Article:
The No Child Left Behind Act (NCLB) has direct implications for what happens educationally in the classroom. Based on in-depth data from Arizona, California, Georgia, Illinois, New York and Virginia and 11 school districts within these states, authors from the acclaimed Harvard Civil Rights Project illuminate for educators the issues raised by NCLB and what the law means for local districts and schools. This is an essential resource for every educational leader interested in understanding the implications of NCLB in the classroom, participating in the dialogue, communicating issues to school communities, and discerning levels of accountability, progress, and standards.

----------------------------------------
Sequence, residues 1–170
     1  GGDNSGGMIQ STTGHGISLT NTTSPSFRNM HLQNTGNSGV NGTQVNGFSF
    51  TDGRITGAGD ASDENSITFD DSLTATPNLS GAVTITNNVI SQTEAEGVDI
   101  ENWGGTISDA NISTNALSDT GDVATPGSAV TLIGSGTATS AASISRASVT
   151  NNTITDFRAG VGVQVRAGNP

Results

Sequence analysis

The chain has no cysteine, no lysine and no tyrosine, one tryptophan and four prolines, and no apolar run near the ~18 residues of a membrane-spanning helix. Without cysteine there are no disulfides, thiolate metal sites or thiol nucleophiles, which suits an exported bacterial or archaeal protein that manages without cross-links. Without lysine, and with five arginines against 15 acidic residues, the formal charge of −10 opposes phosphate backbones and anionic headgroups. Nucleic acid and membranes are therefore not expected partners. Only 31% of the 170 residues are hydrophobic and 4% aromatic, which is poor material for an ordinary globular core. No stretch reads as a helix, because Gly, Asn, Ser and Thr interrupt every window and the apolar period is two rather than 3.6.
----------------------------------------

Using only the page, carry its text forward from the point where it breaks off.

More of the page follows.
Gail L. Sunderman is a senior research associate in K-12 Education for the Civil Rights Project at UCLA. Her research focuses on educational policy and politics, and urban school reform, including the development and implementation of education policy and the impact of policy on the educational opportunities for at-risk students. At the Civil Rights Project, she is project director on a five-year study examining the implementation of the No Child Left Behind Act of 2001 and is coauthor of the book, NCLB Meets School Realities: Lessons from the Field, also from Corwin Press. Prior research includes studies on the implementation of Title I schoolwide programs, governance reform in the Chicago Public Schools, and understanding institutional and organizational constraints on implementing school reform initiatives. Her work has appeared in Harvard Educational Review, Teachers College Record, and Educational Researcher. She is a former Fulbright scholar and received her PhD in political science from the University of Chicago. James S. Kim, Ed.D., is an assistant professor of education policy and program evaluation at the University of California, Irvine. He is a former history teacher in an ethnically diverse middle school, where he served as chair of the history and civics department. He received his doctorate in education policy and research from the Harvard Graduate School of Education. While at Harvard, he worked as a research associate at the Center for Evaluation, where he conducted several studies on summer learning and the racial achievement gap. Most recently, he was a K-12 research associate at the Civil Rights Project at Harvard, and worked on a national study of the No Child Left Behind Act. His research interests include the use of quantitative methods to assess the effectiveness of compensatory education policies for disadvantaged students and the impact of reading programs on adolescent learning. Gary Orfield is Professor of Education and Social Policy at the Harvard Graduate School of Education. Professor Orfield is interested in the study of civil rights, education policy, urban policy, and minority opportunity. He is Co-Founder and Director of the Civil Rights Project at Harvard, an initiative that is developing and publishing a new generation of research on multiracial civil rights issues. Orfield's central interest has been the development and implementation of social policy, with a central focus on the impact of policy on equal opportunity for success in American society. Recent works include studies of changing patterns of school desegregation and the impact of diversity on the educational experiences of law students. In addition to his scholarly work, Orfield has been involved with development of governmental policy and has served as an expert witness in court cases related to his research. He has participated as an expert witness of a court-appointed expert in several dozen civil rights cases, including the University of Michigan Supreme Court case which upheld the policy of affirmative action in 2003 and has been called to give testimony in civil rights suits by the United States Department of Justice and many civil rights, legal services, and educational organizations. In 1997, Orfield was awarded the American Political Science Association's Charles Merriam Award for his "contribution to the art of government through the application of social science research." A native Minnesotan, Orfield received his Ph.D. from the University of Chicago and travels annually to Latin America, where his research work is now expanding.